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November News


MEXICO: Mexico Tries to Curb Plane Crash Rumors
New York Times, by Elisabeth Malkin, November 5, 2008

Juan Camilo Mouriño was the interior minister and top security official for Mexico. José Luis Santiago Vasconcelos was the director of the Mexican organized crime unit, who had overseen the extradition of drug lords to the U.S. On the evening of November 4th, Mouriño and Vasconcelos were on a government plane with nine other people, when it suddenly spun out of control, close to landing, and crashed in Mexico City. There were no survivors. The Mexican government has spent great effort to stop speculation that the plane was sabotaged. Uncharacteristically, the government has released all facts and knowledge they have ascertained to the public, to endorse their statement that the crash was an accident. Many are doubtful during a time when the drug cartel has assassinated police chiefs, mayors, and soldiers.

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RUSSIA: Russia Warns of Missile Deployment
New York Times, by Ellen Barry and Sophia Kishkovsky, November 5, 2008

President of Russia, Dimitri Medvedev, greeted the news of President-elect Obama, with hard words. The U.S. government has planned implementation of missiles in Eastern Europe, counter to Russia's wishes. Medvedev promised if Obama continued with these plans he would place a short-missile system in Russia's Western border. Though Medvedev has showed promise of being the first ideal president of Russia, he has taken great efforts to hide Russia's problems and place blame on Western activities, especially the U.S.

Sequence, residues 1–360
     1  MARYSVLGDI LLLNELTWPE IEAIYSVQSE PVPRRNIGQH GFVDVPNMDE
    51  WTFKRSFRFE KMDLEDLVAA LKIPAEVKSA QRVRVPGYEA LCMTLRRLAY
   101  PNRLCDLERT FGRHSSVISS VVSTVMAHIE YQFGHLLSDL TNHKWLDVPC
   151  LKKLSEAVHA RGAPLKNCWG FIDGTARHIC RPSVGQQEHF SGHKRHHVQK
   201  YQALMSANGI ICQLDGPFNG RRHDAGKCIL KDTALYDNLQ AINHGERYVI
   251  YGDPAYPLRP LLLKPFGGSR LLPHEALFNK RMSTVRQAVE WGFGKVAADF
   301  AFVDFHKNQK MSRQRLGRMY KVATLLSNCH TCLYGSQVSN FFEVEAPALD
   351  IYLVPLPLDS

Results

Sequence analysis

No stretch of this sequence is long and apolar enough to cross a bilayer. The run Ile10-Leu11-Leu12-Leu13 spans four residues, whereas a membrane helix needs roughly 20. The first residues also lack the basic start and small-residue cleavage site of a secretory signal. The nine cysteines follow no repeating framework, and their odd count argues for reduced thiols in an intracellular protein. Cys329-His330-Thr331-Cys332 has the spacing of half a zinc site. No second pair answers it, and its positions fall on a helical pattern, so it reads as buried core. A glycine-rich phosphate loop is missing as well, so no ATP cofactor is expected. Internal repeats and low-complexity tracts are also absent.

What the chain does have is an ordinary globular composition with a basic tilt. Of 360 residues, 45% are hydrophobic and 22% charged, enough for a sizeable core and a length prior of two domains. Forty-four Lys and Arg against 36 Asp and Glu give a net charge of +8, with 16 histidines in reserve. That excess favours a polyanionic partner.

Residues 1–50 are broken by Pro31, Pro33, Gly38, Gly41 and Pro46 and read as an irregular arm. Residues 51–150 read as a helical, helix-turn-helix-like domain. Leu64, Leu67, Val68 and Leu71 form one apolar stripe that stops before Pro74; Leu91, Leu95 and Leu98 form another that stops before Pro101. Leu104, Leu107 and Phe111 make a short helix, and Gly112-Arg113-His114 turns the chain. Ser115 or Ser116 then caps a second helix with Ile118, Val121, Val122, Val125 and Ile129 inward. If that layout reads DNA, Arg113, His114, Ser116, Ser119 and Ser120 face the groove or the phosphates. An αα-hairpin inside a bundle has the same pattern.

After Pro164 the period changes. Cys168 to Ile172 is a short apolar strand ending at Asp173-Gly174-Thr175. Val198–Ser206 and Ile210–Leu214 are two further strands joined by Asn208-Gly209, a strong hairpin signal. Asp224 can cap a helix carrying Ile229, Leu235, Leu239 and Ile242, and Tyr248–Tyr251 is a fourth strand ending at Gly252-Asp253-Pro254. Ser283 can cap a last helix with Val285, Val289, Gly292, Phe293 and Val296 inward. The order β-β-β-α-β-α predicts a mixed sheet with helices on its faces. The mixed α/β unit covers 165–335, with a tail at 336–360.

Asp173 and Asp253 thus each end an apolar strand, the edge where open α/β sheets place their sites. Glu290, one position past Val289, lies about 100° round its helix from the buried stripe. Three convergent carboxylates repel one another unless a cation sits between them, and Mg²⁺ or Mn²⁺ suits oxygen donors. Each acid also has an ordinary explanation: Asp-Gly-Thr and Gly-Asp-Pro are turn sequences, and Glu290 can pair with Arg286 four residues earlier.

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October News


INDIA: India Launches Unmanned Orbiter to Moon
New York Times, by Somini Sengupta, October 21, 2008

India launched its first unmanned spacecraft, on October 21st, to orbit the moon, as part of an effort to assert its power in space. The excitement of this event has induced rumors of a space race with China, who had their first moon mission one year ago. Critics find this a great technological feat for India, while others condemned it as a “waste of resources.”